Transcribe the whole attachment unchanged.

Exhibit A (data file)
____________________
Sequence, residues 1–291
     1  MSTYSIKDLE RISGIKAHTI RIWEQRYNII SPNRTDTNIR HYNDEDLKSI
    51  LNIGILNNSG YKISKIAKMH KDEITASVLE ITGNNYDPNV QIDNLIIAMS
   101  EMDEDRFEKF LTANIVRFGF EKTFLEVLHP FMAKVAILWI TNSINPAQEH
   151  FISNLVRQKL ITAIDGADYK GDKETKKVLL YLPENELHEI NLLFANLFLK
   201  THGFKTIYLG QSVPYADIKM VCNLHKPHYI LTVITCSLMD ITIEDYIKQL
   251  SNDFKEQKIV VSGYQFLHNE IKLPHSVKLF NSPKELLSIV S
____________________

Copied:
Sequence, residues 1–291
     1  MSTYSIKDLE RISGIKAHTI RIWEQRYNII SPNRTDTNIR HYNDEDLKSI
    51  LNIGILNNSG YKISKIAKMH KDEITASVLE ITGNNYDPNV QIDNLIIAMS
   101  EMDEDRFEKF LTANIVRFGF EKTFLEVLHP FMAKVAILWI TNSINPAQEH
   151  FISNLVRQKL ITAIDGADYK GDKETKKVLL YLPENELHEI NLLFANLFLK
   201  THGFKTIYLG QSVPYADIKM VCNLHKPHYI LTVITCSLMD ITIEDYIKQL
   251  SNDFKEQKIV VSGYQFLHNE IKLPHSVKLF NSPKELLSIV S